Colombo: Sri Lankan President Gotabaya Rajapaksa has for the time acknowledged that more than 20,000 people who disappeared during the country's decades-long civil war were dead, the media reported on Tuesday.
The Sri Lankan Army defeated the Tamil Tiger rebels in May 2009 after 26 years of bloody conflict. During this time, Rajapaksa was the country's Defence Secretary and played a leading role in crushing bringing the war to an end.
Rajapaksa made the remarks while meeting with UN resident co-ordinator Hanaa Singer in Colombo on Monday, reports the BBC.
In a statement issued by his office said that most of the missing had been conscripted by the Liberation Tigers of Tamil Eelam (LTTE).
"President Rajapaksa outlined his plans to address the issue of missing persons. He explained that these missing persons are actually dead," the statement said.
"The families of the missing attest to it. However, they do not know what has become of them and so claim them to be missing," it said, adding that steps would be taken to issue death certificates.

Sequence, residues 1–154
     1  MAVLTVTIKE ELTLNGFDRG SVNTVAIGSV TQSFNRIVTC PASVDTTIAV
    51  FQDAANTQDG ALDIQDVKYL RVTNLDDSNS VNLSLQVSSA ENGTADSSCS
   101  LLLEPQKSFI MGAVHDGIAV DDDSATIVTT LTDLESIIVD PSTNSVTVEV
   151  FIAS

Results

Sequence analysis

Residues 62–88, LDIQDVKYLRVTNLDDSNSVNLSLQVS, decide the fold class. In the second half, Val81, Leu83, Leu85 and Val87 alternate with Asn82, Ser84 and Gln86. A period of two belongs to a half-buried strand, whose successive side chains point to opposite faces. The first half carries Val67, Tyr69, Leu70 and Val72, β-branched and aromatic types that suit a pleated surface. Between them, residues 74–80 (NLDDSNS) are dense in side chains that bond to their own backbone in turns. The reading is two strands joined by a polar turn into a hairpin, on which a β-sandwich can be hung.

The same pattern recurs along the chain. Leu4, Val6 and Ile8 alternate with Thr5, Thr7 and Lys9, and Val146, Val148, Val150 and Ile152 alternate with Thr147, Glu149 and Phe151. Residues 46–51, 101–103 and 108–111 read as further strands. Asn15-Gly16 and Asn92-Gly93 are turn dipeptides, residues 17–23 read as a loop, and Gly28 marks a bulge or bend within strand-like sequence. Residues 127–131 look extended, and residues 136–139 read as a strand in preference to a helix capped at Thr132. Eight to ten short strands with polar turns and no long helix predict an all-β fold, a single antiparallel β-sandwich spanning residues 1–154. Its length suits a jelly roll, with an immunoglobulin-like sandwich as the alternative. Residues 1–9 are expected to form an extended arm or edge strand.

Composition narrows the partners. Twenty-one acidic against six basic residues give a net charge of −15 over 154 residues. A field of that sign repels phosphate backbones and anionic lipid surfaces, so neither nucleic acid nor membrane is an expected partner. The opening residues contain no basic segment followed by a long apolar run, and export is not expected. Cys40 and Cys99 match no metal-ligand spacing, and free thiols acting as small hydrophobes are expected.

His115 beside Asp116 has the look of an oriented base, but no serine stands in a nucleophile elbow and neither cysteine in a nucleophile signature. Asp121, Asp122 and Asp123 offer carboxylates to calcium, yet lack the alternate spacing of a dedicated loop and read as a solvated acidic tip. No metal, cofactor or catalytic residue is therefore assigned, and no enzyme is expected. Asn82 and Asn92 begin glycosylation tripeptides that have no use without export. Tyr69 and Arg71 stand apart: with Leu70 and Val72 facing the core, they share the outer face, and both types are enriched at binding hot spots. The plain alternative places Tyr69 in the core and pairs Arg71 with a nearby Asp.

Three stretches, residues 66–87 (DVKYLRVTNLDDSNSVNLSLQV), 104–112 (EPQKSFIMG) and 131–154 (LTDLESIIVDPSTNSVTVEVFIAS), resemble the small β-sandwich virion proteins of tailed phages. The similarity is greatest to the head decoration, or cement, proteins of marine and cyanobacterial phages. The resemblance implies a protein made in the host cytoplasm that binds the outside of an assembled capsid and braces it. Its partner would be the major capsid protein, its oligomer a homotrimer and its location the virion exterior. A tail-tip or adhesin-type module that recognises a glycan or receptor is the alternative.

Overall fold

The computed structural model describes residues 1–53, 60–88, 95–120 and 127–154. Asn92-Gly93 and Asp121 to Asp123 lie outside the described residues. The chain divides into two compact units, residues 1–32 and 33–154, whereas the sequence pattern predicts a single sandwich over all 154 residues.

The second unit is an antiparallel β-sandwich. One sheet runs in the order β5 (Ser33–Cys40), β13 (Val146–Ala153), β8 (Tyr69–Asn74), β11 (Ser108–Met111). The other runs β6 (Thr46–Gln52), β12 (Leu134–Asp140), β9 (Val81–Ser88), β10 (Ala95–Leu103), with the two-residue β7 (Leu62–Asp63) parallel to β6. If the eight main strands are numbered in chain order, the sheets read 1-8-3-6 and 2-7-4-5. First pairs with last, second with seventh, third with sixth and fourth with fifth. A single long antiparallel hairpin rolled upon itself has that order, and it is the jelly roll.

Under Sri Lankan law, not having death certificates means that families cannot access property deeds, bank accounts or inheritances left by those missing relatives.
Hundreds of families of the missing have been attending rallies demanding to know where their loved ones are. They meet and hold daily vigils to protest and to keep their relatives' memories alive.
The war divided Sri Lanka along ethnic lines - pitting the majority Buddhist Sinhalese-dominated government against Tamil rebels who wanted a separate state.
The fighting killed an estimated 100,000 people and left about 20,000, mostly Tamils, missing, the BBC said in its report.
Enforced disappearances continued in the years after the war as businessmen, journalists and activists seen as opponents of Rajapaksa and his brother Mahinda, who was then President, were rounded up and never seen again.
But, the Rajapaksa government denied any role in the disappearances.
Earlier this year, Gotabaya Rajapaksa told the BBC that war crimes allegations against him were "baseless."